By Samantha Schmidt (Excerpted) –
When Xavier Becerra’s father was a young man in California, restaurants barred people like him. Businesses would post signs with the words “No dogs or Mexicans allowed.”
Born in the United States but raised in Tijuana, Mexico, Manuel Becerra left school around sixth grade, crossing the border with his relatives to find work picking crops in the fields of California. Over the years, he toiled away in sweaty construction and railroad jobs, hauling trash or canning tomatoes for Campbell’s soup during the winters. Becerra’s mother, Maria, married Manuel Becerra and came to the United States from Guadalajara, Mexico, when she was 18. She became a clerical worker and gave birth to four children.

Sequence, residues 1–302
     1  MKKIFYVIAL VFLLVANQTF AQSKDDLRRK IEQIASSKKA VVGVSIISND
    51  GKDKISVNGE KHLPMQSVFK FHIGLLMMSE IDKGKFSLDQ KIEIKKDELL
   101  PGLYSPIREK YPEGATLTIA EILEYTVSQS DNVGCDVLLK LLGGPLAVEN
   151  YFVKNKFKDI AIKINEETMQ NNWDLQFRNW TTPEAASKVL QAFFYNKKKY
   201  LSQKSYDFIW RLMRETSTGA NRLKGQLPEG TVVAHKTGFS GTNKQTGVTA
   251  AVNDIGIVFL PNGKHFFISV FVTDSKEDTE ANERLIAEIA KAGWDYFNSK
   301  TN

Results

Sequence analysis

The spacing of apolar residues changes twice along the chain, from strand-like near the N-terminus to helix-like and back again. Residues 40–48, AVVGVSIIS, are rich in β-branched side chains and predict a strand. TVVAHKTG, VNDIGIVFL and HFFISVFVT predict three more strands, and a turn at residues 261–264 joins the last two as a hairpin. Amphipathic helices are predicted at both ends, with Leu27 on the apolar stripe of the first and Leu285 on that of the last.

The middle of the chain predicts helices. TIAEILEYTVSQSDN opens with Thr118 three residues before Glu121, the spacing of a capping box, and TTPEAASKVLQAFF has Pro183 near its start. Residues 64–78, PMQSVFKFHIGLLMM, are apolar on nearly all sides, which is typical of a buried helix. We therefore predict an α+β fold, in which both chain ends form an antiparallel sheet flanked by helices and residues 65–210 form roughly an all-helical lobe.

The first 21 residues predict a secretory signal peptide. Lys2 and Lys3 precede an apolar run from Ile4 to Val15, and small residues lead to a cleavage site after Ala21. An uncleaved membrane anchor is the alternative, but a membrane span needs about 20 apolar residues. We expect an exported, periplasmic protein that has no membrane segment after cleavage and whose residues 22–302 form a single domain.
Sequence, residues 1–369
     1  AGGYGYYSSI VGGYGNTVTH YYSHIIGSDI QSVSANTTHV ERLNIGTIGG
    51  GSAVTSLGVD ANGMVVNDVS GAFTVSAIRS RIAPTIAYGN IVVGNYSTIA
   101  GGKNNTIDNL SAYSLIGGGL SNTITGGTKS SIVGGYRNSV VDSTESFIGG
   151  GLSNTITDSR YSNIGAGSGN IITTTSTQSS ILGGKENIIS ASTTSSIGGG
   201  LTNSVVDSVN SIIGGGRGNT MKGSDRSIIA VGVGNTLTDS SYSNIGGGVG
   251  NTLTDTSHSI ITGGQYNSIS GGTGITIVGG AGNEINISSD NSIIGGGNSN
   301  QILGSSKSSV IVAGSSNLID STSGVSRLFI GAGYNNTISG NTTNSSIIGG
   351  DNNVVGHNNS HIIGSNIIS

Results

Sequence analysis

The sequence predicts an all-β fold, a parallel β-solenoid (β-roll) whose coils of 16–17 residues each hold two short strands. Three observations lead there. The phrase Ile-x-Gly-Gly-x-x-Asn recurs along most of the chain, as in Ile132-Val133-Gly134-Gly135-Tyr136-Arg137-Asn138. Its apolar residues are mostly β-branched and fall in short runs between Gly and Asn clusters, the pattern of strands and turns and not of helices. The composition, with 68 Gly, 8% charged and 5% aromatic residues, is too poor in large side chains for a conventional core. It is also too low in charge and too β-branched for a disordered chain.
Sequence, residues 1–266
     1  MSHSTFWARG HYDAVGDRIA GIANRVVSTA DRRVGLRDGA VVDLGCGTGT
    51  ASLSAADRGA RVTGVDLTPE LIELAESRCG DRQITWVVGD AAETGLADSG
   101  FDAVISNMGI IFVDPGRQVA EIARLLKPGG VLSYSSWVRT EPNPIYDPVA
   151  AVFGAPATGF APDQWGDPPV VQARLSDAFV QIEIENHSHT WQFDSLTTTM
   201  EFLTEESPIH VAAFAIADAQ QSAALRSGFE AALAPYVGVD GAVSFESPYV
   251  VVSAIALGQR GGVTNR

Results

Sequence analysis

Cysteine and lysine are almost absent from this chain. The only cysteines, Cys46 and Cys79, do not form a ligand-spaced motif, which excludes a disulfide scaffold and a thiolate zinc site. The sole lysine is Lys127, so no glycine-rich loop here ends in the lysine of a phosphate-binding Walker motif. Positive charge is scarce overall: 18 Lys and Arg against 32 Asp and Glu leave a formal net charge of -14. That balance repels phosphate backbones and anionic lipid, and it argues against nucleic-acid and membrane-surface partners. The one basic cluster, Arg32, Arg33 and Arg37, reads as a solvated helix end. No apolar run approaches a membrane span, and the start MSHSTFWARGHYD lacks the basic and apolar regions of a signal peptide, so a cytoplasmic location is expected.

These are the parents who raised an ambitious politician who became a leader in the U.S. House of Representatives and then, last year, attorney general of California. And these are the kind of people that Xavier Becerra feels are threatened by the actions of the Trump administration.
In just over a year as attorney general, Becerra has become a leader of the California resistance, the legal brain behind the state’s fight against the president’s policies on health care, the environment and most significantly, immigration. For Becerra, the son of immigrants and the state’s first Latino attorney general, this fight is both political and personal.